Extropianism and Nudism

Perry E. Metzger (perry@piermont.com)
Fri, 09 May 1997 12:24:33 -0400

> From: hanson@hss.caltech.edu (Robin Hanson)
> I'm not sure why you think people's preferences regarding nudity would
> be very different in the comon areas of a gated private development,
> vs. in a private park. If nudity is prohibited in one are, why
> wouldn't it be prohibited in the other as well?

I live in the equivalent of a private gated community right now -- a
multibuilding cooperative apartment complex. The rules of behavior in
common areas are extremely restrictive, largely to prevent residents
from disturbing each other's quiet enjoyment of their homes.

A park, on the other hand, is not directly near someone's home. Given
that the reasons for the high levels of restriction in the gated
community do not exist in the park and other areas, I suspect that the
rules will be different -- the balance of the demands of the competing
interests being different.

Note that this is just a hunch -- we both could be wrong in some way
that we couldn't predict in advance. Human behavior is very complex.

> I don't see why we should think expectations regarding preferences on
> nudity should be very far out of equilibrium. I think most people
> know what naked bodies look like.

I disagree partially. I think you are correct that most people are
familiar with what naked bodies look like, at least theoretically, but
I disagree that people are *used* to what naked bodies look like.

I base this on personal experience. Before I took life drawing classes
(that is, took classes in which one spent several hours drawing a nude
model), I eroticized the human body to a much greater extent. Exposure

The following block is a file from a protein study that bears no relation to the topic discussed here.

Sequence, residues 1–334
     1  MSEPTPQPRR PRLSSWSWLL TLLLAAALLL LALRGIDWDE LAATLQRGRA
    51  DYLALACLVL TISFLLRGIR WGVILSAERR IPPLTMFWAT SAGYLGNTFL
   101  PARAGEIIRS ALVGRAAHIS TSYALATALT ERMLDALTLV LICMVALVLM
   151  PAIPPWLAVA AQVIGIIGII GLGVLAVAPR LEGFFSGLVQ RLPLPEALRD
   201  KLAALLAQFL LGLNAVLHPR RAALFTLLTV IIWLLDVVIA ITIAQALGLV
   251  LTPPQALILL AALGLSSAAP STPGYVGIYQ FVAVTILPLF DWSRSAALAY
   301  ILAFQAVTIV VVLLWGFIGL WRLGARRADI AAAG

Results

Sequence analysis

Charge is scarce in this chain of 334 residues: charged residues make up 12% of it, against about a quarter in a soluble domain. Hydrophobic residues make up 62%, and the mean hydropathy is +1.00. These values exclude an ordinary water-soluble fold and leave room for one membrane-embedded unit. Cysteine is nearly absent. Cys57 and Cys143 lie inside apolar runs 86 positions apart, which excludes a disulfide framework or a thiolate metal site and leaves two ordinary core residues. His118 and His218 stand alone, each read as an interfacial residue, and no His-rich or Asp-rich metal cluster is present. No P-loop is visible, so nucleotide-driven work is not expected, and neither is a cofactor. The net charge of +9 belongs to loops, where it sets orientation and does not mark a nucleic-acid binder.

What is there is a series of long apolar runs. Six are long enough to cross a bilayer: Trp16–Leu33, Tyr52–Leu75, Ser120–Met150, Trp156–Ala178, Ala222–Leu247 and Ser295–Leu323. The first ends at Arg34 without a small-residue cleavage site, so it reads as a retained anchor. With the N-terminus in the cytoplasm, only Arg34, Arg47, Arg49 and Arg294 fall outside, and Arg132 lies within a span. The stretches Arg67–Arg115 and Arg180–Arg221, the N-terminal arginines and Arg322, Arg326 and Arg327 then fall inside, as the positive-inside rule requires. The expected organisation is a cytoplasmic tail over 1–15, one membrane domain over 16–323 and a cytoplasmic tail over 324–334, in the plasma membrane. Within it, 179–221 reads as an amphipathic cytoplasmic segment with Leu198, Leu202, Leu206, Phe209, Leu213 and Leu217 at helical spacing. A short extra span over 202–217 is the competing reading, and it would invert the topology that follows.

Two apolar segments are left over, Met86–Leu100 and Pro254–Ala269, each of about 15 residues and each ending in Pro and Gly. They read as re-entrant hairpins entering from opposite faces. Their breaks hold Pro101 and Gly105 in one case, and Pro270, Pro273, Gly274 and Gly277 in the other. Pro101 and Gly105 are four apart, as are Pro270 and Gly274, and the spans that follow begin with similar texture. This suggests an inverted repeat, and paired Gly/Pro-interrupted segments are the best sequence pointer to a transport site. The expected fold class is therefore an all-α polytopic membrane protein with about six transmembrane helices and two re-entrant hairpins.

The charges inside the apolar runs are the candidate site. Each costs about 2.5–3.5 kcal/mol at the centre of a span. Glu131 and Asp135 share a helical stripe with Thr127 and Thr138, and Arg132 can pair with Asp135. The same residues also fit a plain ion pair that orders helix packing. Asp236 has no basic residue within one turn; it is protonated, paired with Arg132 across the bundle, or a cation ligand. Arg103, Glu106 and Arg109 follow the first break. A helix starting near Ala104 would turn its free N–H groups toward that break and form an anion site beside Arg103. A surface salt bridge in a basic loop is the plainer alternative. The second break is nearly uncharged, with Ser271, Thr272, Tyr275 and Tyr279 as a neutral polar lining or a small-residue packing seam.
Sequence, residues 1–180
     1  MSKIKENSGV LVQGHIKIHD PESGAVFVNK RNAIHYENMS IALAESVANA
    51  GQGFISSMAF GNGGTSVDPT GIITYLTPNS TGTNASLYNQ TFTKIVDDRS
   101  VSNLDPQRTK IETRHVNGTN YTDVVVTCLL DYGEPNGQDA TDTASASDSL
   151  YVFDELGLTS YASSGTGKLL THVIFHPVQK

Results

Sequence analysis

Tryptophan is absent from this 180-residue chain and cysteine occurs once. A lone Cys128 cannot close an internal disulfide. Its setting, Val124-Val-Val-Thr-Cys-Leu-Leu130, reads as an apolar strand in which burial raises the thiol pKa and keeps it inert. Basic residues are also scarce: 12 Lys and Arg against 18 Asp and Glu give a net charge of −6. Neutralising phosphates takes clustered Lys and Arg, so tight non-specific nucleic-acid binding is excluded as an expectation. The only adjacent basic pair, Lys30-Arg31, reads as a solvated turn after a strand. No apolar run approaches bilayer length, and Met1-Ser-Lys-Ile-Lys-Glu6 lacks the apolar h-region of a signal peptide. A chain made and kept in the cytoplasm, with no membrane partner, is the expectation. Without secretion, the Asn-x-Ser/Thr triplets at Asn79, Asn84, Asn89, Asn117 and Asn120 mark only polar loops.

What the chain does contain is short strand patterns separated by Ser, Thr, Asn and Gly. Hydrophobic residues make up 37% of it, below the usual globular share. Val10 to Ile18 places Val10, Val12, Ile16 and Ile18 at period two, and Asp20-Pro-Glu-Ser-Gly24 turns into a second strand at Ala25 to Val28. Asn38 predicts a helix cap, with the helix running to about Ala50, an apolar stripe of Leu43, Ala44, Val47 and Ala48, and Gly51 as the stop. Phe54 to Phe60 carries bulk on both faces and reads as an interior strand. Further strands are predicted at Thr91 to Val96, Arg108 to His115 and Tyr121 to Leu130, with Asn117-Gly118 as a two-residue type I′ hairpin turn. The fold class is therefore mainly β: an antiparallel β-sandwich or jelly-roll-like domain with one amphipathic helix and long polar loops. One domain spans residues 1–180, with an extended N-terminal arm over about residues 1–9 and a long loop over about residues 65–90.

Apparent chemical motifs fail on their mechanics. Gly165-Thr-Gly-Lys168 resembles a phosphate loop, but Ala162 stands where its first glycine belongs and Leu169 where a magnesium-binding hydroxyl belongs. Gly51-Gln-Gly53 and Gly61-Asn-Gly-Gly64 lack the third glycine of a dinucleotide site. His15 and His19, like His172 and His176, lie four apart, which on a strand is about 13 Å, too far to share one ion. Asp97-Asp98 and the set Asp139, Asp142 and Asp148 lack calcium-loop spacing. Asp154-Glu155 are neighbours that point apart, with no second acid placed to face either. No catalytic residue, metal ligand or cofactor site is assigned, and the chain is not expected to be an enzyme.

to nude bodies, week after week, posed in banal positions and being
forced to view them analytically to draw them, desensitized me to the
nude form. I've noticed that my own degree of body modesty and "body
shock" (that is, surprise at seeing a nude form) dropped dramatically
as a result of this experience.

This should not be surprising. To the Victorians, who rarely saw a
naked ankle, even the sight of an ankle was a charged experience. To
those who see the naked form repeatedly, it becomes uninteresting or
even banal.

Indeed, one might note that the degree of bodily exposure considered
"uninteresting" in our society has dropped radically over the last
century. We now are at the point where people practically go with
only ritual coverage of their reproductive organs in sufficiently warm
weather, as one example. This was unthinkable in Victorian times. I
believe that our shock at such things has eroded from exposure,
leading us to no longer notice it (much as I lost much of my shock at
nudity). It is not unreasonable to assume that the existance of places
open to the general public at which large numbers of people were
"routinely" unclothed would lead to further erosion of current
societal norms on body modesty as fewer and fewer people noticed or
eroticized nudity qua nudity.

> Also, within a small condo complex, does anything now prevents people
> who want nudity from offering to pay an amount to the association to
> allow it, thereby lowering other owner's fees?

No, nothing does, but then again, demand is fairly low at the moment,
and people do not use the common areas of such communities very much,
which is one of the reasons people such as me happily tolerate
draconian restrictions on activities within them.

Again, all of this is merely informed speculation. I could very well
be wrong about it, or the future impact could be radically different
from what either of us envision. Its hard to tell. There are far too
many variables, and its hard to assess them all.